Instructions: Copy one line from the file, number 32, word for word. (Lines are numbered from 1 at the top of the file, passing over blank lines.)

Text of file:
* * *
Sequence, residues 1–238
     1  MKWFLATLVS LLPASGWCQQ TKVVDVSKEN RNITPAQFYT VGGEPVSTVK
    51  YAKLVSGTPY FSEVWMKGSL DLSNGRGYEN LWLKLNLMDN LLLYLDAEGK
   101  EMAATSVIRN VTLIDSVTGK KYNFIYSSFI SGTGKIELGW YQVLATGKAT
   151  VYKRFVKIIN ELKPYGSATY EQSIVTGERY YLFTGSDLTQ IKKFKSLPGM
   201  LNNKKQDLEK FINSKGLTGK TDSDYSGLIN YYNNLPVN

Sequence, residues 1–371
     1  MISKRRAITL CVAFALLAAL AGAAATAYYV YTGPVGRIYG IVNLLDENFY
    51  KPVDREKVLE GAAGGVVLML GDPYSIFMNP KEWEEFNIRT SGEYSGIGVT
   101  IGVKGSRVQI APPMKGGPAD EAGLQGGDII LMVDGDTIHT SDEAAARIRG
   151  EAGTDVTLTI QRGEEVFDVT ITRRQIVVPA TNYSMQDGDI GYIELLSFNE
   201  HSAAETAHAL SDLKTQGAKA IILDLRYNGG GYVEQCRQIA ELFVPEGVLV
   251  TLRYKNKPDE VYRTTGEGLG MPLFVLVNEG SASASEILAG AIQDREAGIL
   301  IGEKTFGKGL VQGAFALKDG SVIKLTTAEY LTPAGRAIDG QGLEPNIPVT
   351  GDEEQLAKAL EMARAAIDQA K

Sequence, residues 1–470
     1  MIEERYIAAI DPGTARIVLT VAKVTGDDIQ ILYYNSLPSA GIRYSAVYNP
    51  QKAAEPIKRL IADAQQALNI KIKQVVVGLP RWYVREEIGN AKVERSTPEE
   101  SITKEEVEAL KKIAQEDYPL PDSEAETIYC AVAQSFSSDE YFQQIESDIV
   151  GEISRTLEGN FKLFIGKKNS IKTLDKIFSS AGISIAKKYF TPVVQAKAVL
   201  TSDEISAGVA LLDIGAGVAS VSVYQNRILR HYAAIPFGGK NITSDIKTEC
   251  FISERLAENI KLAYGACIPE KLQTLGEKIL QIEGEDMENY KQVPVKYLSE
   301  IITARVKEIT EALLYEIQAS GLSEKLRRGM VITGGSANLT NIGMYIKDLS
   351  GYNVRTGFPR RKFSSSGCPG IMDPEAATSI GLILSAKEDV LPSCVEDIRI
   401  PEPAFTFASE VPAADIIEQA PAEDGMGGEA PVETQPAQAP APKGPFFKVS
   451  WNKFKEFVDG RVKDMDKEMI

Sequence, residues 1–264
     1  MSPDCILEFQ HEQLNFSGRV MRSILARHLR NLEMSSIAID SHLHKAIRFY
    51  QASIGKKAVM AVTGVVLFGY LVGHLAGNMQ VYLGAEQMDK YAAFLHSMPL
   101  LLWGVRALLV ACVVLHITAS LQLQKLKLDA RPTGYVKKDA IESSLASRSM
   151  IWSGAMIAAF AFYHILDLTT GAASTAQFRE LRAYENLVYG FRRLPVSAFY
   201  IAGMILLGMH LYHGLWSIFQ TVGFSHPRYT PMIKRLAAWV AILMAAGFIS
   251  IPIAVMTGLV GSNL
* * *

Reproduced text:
   201  IAGMILLGMH LYHGLWSIFQ TVGFSHPRYT PMIKRLAAWV AILMAAGFIS